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Can girls play softball? Can girls be school crossing guards? Can girls play basketball or ice hockey or soccer? Can girls become lawyers or doctors or engineers? Of course they can... today. But just a few decades ago, opportunities for girls were far more limited, not because they weren't capable of playing or didn't want to become doctors or lawyers, but because they weren't allowed to. Then quietly, in 1972, something momentous happened: Congress passed a law called "Title IX," forever changing the lives of American girls. Hundreds of determined lawmakers, teachers, parents, and athletes carefully plotted to ensure that the law was passed, protected, and enforced. Time and time again, they were pushed back by Aerce opposition. But as a result of their perseverance, millions of American girls can now play sports. Young women make up half of the nation's medical and law students, and star on the best basketball, soccer, and softball teams in the world. This small law made a huge difference. From the Sibert Honor-winning author of "Six Days in October" comes this powerful tale of courage and persistence, the stories of the people who believed that girls could do anything -- and were willing to fight to prove it. A Junior Library Guild Selection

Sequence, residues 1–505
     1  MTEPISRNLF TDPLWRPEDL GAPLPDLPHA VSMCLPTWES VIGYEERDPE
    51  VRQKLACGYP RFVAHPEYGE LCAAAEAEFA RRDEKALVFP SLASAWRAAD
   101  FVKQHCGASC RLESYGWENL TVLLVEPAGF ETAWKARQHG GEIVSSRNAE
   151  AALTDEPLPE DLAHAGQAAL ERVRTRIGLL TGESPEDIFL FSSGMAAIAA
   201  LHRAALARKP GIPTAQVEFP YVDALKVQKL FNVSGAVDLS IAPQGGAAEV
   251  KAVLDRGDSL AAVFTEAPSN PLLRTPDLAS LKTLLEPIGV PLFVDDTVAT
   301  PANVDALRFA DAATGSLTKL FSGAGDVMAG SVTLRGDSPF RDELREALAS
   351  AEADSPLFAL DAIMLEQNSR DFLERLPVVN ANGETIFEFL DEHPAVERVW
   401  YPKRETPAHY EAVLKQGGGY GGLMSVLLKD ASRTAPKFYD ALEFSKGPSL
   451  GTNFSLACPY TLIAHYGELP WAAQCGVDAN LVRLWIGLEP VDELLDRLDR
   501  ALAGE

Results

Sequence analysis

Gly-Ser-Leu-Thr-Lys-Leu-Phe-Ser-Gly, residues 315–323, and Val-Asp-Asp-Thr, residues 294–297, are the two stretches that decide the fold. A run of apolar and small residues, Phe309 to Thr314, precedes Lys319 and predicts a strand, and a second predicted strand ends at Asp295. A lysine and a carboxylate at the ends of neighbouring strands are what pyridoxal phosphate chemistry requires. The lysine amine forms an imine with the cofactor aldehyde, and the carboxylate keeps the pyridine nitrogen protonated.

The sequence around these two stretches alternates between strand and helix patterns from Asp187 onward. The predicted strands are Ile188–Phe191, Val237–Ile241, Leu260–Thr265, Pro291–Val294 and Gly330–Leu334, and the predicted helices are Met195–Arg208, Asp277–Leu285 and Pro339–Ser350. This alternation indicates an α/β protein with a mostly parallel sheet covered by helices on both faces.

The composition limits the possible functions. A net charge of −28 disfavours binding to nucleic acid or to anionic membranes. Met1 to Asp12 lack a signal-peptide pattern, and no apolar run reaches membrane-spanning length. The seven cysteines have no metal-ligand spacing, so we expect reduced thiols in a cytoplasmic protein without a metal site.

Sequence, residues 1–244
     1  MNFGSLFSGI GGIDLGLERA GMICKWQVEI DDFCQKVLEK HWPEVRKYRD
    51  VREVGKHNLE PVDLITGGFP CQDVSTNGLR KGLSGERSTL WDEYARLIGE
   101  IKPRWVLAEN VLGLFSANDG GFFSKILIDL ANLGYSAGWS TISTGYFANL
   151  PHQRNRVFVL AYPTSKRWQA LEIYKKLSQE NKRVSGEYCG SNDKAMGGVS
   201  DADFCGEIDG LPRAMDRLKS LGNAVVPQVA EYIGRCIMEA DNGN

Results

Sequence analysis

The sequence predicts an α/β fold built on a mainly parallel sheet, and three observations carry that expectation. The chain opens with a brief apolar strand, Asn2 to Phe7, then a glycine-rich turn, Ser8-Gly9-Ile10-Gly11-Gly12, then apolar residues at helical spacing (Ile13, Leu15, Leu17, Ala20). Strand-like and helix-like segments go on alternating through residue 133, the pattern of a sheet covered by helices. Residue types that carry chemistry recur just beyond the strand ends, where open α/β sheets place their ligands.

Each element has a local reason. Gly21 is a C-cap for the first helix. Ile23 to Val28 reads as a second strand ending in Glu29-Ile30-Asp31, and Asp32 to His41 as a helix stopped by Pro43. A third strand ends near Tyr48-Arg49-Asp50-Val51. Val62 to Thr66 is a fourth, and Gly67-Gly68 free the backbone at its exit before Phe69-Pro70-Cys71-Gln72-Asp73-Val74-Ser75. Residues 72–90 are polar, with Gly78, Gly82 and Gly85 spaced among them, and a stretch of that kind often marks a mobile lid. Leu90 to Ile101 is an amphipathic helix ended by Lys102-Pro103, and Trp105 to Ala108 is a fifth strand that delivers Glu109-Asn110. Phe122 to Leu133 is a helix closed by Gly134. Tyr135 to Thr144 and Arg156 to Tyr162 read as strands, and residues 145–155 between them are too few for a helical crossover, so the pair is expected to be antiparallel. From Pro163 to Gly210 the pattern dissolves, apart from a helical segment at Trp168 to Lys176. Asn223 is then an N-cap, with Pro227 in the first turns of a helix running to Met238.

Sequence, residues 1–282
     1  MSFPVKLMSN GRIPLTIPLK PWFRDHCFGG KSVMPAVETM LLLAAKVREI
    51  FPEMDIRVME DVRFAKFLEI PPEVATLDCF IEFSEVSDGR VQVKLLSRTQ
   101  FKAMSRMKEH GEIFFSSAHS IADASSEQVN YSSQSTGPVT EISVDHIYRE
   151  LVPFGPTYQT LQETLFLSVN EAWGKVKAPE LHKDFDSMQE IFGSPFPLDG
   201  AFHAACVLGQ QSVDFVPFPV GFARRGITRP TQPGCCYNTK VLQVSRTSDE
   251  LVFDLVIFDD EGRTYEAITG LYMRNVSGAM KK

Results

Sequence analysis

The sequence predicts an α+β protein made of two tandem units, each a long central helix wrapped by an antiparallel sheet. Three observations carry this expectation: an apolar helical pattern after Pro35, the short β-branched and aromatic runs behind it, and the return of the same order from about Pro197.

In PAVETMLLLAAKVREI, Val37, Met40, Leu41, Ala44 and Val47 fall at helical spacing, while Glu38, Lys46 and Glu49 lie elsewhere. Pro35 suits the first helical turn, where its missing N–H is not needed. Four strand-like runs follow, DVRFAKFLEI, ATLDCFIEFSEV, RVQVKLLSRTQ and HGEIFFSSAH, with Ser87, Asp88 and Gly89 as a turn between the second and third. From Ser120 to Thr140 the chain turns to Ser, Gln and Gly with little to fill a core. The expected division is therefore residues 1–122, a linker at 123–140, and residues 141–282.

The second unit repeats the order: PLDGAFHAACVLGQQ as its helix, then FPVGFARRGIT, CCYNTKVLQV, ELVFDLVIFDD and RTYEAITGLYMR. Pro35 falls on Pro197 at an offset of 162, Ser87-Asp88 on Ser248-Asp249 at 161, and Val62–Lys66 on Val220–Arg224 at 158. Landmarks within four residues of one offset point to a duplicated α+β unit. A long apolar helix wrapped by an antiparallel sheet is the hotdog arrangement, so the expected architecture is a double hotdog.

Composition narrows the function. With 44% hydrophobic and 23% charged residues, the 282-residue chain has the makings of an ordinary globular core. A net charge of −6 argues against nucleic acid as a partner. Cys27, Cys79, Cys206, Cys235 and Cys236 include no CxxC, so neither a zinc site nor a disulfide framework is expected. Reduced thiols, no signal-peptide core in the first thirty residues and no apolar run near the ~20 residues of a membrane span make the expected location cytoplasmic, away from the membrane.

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Book Details

ISBN: 9780689859571
ISBN-10: 0689859570
Format: Hardback
(235mm x 195mm x 16mm)
Pages: 152
Imprint: Atheneum Books for Young Readers
Publisher: Simon & Schuster
Publish Date: 1-Mar-2005
Country of Publication: United States

Reviews

US Kirkus Review » The history of the small but wildly influential amendment known as Title IX receives a thoughtful, enlightening and inspiring treatment from the Sibert Honor-winning Blumenthal. Her narrative begins with the story of Donna de Varona, the Olympic gold medal-winning swimmer who watched her male colleagues receive swimming scholarships to college even as her own career abruptly ended. From this miscarriage of justice to the present, the text compellingly lays forth both the legislative fight to enact Title IX and the struggle to interpret the rules subsequent to its passage. Although the revolution Title IX created on the sports field gets the majority of the attention, the author is quite clear in detailing the overall educational advances women were able to make thanks to Title IX. This really splendid story receives absolutely criminal treatment from the designer, however, allowing page turns and sidebars to split sentences over whole pages, resulting in a sadly fragmented effect. Magnificent backmatter, including a time line, "then and now" comments from key players, extensive source notes, and suggested resources for further information, complement the narrative in making this a nearly perfect book, were it not for the execrable design. (Nonfiction. 10 ) (Kirkus Reviews)


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